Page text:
How does Ernest in the novel Frankenstein support the theme of the book?
Ernest does not play a significant role in Frankenstein. In fact, most readers forget that he is the only surviving Frankenstein at the novel's end. Frankly, it seems that Mary Shelley had planned to do more with his character and then got sidetracked with other characters.
However, there are a couple of connections of Ernest to the novel's themes. In regards to Victor, Ernest serves as a foil character. Ernest, like Victor, grows up under the same permissive parents who stress compassion and Romantic qualities. However, he does not become obsessed with science or making a name for himself. In fact, he desires to join the military, but his father does not want him to. Ernest is also the opposite of Victor because he experiences the same deaths in the family as Victor does but does not become consumed by them. While it is true that Victor is responsible for many of the deaths in his family's, he gives up all logical thinking whenever anything happens, but Ernest seems to be there as a support for his father and Victor, calmly helping in whatever way he can. He accepts responsibility, while Victor does not.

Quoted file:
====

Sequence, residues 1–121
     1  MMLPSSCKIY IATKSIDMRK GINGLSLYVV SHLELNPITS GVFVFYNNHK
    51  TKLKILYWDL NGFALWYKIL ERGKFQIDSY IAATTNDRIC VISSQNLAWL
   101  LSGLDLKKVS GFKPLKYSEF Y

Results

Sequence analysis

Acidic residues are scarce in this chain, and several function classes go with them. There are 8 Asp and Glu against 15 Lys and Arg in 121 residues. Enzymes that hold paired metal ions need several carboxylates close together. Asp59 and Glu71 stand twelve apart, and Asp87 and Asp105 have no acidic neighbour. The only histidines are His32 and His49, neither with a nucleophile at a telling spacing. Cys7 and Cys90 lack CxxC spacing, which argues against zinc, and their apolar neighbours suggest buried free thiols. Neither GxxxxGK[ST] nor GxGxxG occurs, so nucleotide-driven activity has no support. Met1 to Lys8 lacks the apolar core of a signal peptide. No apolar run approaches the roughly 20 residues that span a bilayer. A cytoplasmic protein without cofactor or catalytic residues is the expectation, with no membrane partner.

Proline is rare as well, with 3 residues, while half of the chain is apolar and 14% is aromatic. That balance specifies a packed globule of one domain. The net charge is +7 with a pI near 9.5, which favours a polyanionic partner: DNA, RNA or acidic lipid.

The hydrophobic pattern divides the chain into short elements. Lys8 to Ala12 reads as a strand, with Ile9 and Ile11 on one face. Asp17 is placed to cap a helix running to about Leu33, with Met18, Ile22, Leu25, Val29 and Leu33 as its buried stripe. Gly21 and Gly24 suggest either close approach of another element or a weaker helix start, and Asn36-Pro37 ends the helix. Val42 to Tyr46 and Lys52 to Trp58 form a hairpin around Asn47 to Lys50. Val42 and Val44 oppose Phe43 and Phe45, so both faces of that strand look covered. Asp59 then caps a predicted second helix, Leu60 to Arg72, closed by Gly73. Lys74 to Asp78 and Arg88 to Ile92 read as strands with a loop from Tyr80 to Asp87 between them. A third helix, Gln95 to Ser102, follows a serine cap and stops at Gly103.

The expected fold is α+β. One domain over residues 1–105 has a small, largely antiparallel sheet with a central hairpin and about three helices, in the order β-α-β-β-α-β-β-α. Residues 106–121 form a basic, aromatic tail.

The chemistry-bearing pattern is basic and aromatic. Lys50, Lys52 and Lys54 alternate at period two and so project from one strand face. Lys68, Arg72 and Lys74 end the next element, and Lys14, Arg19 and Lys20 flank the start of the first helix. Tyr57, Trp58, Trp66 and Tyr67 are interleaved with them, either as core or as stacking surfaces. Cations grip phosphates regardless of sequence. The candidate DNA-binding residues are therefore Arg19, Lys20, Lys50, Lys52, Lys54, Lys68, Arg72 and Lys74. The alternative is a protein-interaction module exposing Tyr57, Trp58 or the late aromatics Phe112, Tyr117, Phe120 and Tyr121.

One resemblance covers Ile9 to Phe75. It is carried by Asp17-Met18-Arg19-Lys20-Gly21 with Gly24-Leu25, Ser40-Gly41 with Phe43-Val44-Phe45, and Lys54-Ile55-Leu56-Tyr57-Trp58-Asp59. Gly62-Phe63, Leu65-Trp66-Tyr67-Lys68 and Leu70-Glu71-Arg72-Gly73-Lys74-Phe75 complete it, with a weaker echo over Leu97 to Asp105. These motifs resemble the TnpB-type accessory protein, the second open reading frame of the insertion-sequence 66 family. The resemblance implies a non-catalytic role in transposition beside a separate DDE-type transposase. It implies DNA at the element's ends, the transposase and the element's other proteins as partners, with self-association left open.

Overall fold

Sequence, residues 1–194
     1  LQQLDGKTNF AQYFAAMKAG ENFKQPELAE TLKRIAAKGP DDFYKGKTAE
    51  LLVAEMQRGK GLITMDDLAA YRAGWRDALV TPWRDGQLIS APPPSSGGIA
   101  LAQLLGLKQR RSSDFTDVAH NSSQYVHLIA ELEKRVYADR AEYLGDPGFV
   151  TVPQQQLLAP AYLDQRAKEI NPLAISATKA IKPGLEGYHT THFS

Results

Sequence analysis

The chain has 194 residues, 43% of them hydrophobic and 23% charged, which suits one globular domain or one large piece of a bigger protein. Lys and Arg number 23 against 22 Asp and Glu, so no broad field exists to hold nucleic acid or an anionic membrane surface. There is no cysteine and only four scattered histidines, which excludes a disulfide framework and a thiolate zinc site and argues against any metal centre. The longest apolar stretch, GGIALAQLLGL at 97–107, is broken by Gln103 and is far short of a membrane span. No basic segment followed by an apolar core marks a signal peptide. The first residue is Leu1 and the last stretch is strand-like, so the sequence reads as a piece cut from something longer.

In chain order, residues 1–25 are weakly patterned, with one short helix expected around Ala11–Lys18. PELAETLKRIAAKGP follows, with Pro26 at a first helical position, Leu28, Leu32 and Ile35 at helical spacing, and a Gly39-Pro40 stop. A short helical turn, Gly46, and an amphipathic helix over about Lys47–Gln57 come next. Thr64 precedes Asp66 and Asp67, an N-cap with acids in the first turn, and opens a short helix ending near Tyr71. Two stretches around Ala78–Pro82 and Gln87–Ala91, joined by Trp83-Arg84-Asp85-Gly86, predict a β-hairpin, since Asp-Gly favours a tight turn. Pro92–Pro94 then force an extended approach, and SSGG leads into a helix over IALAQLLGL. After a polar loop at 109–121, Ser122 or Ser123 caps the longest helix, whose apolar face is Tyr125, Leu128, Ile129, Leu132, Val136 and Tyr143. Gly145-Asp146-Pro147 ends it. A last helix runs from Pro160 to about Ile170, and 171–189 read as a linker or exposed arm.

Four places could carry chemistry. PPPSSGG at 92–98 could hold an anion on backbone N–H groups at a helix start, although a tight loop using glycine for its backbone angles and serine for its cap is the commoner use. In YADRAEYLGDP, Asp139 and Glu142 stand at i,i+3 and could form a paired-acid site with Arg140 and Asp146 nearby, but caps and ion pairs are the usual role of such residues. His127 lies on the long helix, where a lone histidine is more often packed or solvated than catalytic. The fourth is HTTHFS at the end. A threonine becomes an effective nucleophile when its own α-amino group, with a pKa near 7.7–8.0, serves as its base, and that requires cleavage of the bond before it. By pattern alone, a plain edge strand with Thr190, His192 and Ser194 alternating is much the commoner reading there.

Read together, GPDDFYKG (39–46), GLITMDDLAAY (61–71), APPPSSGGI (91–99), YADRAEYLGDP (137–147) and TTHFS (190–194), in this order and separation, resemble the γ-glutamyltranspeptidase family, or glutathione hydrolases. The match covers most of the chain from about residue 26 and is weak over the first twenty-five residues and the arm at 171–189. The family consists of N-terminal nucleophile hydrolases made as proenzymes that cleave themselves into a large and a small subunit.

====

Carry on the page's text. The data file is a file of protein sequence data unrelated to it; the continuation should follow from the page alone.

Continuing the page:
Ernest's character also advances the idea that sometimes a lack of knowledge can be better for humans than too much knowledge. Ernest does not know what truly happened to many of his family members, but he also does not struggle as his brother does. Victor knows too much about the crimes committed against his family and friends and eventually becomes obsessed with seeking revenge.
It is interesting that readers know so much about Victor by the novel's end but do not even know what Ernest's fate is. Perhaps Shelley forgot him.